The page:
Charlwood, to the north of Gatwick, could disappear under a new runway
Campaigners against the expansion of Gatwick with a second runway have said they will carry on their battle.
A report released by the BAA on Monday has called for three new runways to be built in the South East - and put forward a new runway at Gatwick as one of four preferred options.
Protesters said the report was disappointing but said they would continue to fight the plans.
The options for Gatwick would see a new full-length runway either parallel and to the south of the existing one or a northern runway 2,900 metres from it.
Brendon Sewill, chairman of the Gatwick Area Conservation Group, said they would campaign vigorously until the government reached its decision.
He said: "We welcome the fact that BAA has recognised the practical difficulties of the proposed northern runway at Gatwick.
"But we are still strongly opposed to the suggestion of a second runway on the south of the airport.
"This would double the size of Gatwick and make it as big as Heathrow is today - and would cause huge environmental damage to Surrey, Sussex and western Kent.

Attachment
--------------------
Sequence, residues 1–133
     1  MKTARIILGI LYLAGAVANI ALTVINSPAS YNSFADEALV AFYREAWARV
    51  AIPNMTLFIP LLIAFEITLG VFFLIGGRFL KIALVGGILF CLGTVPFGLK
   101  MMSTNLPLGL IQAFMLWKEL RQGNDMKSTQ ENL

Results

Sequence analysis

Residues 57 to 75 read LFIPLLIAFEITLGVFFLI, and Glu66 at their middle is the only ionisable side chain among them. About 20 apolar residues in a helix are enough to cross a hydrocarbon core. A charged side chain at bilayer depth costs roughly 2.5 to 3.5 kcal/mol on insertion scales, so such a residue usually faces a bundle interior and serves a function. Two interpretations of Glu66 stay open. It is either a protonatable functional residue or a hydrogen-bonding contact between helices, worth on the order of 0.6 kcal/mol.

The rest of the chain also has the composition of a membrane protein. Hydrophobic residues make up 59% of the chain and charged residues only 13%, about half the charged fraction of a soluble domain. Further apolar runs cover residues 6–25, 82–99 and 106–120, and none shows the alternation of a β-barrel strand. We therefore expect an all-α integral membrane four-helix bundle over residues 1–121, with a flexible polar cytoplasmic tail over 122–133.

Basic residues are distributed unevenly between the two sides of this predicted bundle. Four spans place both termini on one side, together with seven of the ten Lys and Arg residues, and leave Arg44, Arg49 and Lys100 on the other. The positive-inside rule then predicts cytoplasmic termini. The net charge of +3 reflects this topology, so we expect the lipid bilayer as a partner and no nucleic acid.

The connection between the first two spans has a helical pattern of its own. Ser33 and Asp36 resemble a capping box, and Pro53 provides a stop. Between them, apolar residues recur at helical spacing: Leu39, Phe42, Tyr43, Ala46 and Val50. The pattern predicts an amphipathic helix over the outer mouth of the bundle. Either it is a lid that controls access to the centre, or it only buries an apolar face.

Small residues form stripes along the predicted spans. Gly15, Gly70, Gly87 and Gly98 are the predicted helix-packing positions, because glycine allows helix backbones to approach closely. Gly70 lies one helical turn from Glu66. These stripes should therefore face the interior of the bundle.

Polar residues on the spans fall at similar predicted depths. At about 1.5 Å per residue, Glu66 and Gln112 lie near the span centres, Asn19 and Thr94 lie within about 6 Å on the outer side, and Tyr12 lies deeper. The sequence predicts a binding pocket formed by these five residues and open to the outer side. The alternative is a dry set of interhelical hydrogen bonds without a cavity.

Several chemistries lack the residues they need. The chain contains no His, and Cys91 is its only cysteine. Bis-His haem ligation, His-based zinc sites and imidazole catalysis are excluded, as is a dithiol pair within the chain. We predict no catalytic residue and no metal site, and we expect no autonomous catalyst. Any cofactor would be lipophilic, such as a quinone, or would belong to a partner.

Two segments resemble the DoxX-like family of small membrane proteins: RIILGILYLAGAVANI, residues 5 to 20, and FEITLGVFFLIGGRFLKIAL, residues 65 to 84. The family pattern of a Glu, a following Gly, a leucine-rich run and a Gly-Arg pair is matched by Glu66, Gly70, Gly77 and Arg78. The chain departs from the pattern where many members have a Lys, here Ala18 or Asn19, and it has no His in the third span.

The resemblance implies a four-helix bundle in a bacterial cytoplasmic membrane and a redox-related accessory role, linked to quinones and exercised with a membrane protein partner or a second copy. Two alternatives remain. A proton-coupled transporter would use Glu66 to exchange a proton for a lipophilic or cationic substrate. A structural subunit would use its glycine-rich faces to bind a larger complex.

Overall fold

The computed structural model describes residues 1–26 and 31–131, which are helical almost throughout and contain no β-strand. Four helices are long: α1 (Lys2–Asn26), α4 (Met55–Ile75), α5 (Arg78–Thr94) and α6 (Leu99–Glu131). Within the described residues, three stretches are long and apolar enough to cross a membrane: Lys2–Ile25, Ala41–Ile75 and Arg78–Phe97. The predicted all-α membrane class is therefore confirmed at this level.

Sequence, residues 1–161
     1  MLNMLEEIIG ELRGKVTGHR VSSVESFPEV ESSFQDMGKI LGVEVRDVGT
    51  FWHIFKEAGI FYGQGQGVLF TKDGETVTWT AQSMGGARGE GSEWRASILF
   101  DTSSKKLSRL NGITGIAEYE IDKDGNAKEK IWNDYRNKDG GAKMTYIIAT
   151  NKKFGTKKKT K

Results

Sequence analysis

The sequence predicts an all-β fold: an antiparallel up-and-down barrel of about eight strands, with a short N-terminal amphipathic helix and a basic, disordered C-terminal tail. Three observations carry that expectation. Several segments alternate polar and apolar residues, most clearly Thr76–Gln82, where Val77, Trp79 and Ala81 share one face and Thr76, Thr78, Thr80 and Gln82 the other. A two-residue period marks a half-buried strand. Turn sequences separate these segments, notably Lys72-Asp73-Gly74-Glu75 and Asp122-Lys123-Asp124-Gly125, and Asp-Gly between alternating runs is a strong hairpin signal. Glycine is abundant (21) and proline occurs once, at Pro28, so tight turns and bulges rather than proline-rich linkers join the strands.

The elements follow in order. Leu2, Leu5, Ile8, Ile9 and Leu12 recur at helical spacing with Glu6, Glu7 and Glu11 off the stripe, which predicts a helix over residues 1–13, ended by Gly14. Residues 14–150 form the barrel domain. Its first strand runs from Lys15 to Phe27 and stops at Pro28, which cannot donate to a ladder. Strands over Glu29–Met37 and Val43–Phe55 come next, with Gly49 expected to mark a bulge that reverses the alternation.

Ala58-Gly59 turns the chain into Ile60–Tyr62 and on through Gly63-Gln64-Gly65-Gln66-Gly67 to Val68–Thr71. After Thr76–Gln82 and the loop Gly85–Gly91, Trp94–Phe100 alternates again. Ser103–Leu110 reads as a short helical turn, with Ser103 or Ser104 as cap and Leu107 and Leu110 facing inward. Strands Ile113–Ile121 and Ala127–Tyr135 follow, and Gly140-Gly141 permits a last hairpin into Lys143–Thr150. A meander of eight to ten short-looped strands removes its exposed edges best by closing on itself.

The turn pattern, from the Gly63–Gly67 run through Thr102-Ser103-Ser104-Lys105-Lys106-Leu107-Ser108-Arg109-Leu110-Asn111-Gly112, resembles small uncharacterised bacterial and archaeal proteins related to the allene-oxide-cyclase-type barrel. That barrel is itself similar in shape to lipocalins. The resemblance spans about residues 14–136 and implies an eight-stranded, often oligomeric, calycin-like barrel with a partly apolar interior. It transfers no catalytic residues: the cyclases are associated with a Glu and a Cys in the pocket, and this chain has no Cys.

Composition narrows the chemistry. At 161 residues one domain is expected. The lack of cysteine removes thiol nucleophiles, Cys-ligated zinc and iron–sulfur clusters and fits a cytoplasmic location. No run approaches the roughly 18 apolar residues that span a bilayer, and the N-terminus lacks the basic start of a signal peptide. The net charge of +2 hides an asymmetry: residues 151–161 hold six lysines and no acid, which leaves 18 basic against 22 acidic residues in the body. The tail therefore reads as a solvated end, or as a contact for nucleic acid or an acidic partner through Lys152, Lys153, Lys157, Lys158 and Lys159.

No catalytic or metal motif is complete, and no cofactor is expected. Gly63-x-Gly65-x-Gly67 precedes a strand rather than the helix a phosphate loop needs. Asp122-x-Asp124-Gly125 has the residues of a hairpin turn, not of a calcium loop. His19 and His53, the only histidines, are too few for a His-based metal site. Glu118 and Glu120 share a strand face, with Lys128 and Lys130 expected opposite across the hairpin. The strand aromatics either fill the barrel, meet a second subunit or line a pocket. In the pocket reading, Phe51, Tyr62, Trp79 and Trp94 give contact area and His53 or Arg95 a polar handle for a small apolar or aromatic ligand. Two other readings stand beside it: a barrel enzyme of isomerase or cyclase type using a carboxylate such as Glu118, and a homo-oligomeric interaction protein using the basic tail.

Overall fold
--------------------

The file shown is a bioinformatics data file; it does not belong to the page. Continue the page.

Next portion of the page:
"The BAA report really emphasises the physical constraints of the Gatwick site.
"It is too small an airport to fit in new runways because of the high ground and the railway and because of the towns and villages all around it."
Peter Barclay, chairman of Charlwood Home Guard, said his group were concerned about the wider impact of expansion on local communities.
Charlwood could disappear if plans to build a second runway to the north of Gatwick go ahead.
The plan would also see passenger numbers at the West Sussex airport rocket from 32 million a year to 115 million - and bring more people to live in the area to support this.
"We do feel the additional runway will impose terrible constraints on the local infrastructure," Mr Barclay said.
"It would bring employment difficulties, housing difficulties and problems with hospitals, doctors and education, which are already precariously balanced."
Gatwick Airport was originally left out of government plans to increase air travel, because of an agreement banning expansion until 2019 between operator BAA and the local council.
But officials in Kent and Essex won a High Court legal battle to force the government to consider extending Gatwick.